Tag Archives: Fourth of July

Born to Work the Fourth of July

From Fireworks to Facials – 4th of July Edition

4 Rozzi Sisters - Nancy, Angela, Paula and Louise
4 Rozzi Sisters – Nancy, Angela, Paula and Louise

I was born into a fireworks family. Family businesses are a little crazy because, well do I really need to state the obvious? Throw Italian and fireworks in the mix and it’s kicked up a notch. The Rozzi’s have been making, displaying, selling, eating (ok, that’s going a little far), breathing and living fireworks since before 1895.

My great grandfather, Paul Rozzi, started our first factory called New Castle Fireworks, Co. in New Castle, Pa. soon after immigrating here from Pietramelara, Italy. My Grandfather, Arturo Rozzi, the founder of Rozzi’s Famous Fireworks and The Tri-State Mfg. Company, settled our factory here in Loveland, Ohio, after several failed attempts to start factories in a variety of places He ended up here after he landed an 8 night summer gig at Coney Island in the early 1930’s. It gave him enough to start his dream again. I remember Coney Island had an awesome official announcer who introduced the fireworks and said at the end of his intro, “And now Mr. Rozzi, on with the show!” I thought he was famous throughout the world. He made great fireworks, drove a Black Cadillac, had playboy magazines in his office (typical Italian man) and was generous and kind. When we visited the factory he said, “ Put out your hands” and he’d give you as much change as you could hold…. this was when a coke in a machine was probably a dime.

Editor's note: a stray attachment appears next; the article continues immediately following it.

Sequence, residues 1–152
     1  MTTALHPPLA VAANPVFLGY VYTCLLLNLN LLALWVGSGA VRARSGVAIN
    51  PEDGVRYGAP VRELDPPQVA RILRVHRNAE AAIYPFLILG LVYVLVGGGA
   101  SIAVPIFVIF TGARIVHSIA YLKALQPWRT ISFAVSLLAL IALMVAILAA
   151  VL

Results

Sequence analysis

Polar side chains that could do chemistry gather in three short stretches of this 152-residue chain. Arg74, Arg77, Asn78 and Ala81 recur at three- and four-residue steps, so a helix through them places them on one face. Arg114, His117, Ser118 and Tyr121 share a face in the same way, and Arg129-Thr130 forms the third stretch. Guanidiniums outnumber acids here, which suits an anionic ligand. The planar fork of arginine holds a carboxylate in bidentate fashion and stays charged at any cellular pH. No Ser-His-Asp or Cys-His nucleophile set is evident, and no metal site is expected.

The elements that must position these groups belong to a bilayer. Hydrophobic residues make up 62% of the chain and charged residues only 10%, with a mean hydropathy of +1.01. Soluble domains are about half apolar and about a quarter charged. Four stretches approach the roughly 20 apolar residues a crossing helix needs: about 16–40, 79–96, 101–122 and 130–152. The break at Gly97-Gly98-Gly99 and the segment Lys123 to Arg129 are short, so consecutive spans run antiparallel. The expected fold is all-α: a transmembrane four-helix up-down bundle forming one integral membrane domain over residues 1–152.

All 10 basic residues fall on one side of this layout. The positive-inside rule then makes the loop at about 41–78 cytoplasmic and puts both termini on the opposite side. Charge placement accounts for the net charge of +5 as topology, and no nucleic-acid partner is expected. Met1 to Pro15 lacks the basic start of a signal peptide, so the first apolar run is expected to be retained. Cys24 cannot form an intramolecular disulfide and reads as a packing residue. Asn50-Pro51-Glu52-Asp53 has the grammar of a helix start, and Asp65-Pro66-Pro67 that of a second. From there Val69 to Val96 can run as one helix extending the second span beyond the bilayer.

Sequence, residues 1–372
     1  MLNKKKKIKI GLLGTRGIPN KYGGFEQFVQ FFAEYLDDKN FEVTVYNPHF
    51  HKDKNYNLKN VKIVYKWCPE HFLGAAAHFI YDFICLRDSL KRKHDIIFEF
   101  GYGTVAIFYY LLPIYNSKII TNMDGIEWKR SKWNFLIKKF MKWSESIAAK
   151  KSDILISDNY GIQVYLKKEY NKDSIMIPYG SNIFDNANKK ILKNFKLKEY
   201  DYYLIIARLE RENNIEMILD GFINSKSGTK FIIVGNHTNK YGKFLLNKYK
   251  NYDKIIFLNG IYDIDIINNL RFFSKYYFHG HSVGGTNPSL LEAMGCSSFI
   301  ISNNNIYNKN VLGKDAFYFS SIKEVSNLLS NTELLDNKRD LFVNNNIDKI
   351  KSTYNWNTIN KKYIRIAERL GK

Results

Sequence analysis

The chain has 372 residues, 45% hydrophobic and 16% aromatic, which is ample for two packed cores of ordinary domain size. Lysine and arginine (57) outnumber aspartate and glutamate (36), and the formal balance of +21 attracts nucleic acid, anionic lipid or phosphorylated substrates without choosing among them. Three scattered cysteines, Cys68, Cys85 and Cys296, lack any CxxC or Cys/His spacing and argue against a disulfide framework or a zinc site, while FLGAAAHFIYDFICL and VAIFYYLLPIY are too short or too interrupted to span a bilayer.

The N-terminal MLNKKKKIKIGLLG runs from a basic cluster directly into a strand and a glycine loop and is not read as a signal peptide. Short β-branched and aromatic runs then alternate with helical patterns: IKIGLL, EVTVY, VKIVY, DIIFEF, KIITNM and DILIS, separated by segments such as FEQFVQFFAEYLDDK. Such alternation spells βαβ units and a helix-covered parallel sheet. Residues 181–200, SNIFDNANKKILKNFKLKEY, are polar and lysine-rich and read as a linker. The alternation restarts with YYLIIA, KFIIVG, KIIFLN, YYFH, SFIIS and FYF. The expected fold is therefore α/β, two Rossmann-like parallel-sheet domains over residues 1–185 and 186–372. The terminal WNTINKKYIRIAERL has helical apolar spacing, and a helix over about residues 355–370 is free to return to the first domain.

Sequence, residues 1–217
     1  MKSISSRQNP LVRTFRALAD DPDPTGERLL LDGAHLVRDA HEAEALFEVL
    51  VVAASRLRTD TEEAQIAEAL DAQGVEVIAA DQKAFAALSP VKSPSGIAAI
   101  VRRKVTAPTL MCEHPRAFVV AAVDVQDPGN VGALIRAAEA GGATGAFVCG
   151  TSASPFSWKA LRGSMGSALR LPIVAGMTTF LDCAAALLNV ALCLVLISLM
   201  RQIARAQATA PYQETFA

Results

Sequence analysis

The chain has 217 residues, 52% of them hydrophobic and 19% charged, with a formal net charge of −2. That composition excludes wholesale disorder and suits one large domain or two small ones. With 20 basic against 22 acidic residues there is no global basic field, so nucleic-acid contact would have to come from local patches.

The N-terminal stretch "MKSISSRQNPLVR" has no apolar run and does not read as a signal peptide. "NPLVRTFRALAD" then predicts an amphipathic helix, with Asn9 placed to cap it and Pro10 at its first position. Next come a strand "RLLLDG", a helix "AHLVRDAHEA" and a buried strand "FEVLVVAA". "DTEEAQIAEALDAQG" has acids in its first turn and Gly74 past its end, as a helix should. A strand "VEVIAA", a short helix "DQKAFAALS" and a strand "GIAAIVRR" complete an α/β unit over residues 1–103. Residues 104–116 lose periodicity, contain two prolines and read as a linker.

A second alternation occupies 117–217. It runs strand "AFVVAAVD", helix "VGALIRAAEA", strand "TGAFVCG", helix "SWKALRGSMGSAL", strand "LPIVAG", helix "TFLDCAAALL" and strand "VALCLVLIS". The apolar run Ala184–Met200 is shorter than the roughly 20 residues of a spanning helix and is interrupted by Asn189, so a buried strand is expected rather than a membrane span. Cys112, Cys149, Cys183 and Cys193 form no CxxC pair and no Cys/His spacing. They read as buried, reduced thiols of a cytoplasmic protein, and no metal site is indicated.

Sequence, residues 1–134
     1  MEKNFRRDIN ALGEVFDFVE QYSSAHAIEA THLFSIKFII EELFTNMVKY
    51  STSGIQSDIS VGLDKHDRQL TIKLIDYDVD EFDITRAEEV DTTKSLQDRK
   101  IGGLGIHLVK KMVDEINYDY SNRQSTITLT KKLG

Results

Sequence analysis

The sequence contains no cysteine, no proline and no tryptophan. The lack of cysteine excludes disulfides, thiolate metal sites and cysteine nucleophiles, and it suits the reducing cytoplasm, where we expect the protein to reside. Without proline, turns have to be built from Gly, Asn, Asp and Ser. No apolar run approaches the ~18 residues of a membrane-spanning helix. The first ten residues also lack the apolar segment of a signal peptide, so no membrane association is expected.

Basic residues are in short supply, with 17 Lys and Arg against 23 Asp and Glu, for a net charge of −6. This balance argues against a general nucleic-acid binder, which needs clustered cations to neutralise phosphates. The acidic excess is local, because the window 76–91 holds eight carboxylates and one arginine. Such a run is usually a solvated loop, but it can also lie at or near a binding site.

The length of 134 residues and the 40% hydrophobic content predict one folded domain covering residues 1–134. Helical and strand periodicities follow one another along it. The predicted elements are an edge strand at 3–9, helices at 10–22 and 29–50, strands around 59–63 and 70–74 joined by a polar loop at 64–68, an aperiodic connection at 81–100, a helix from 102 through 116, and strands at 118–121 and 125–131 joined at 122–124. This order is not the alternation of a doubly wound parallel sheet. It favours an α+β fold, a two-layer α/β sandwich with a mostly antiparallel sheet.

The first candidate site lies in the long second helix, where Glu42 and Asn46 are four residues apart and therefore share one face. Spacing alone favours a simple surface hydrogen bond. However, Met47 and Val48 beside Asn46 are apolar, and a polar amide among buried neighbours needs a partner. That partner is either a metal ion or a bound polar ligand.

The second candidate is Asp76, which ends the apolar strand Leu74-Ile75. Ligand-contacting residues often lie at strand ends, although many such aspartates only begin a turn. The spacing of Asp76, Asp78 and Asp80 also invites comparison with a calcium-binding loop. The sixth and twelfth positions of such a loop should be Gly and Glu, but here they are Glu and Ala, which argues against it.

Arthur Rozzi, Founder of Rozzi's Famous Fireworks in front at our factory ages ago.
Arthur Rozzi, Founder of Rozzi’s Famous Fireworks in front at our factory ages ago.

My grandfather left his Father (My great grandfather Paul) to start his own business. The story my Dad told me was that they couldn’t agree on much. Arturo wanted to do things differently. So he did. I know he was an artist and an innovator. He was passionate about fireworks and nothing stopped him from following his dreams. I know he didn’t get it right the first time or the second and actually I don’t know how many times it took, but he got up and tried again. If not, we wouldn’t have ended up in Cincinnati making fireworks.

Women working in process building
Women working in process building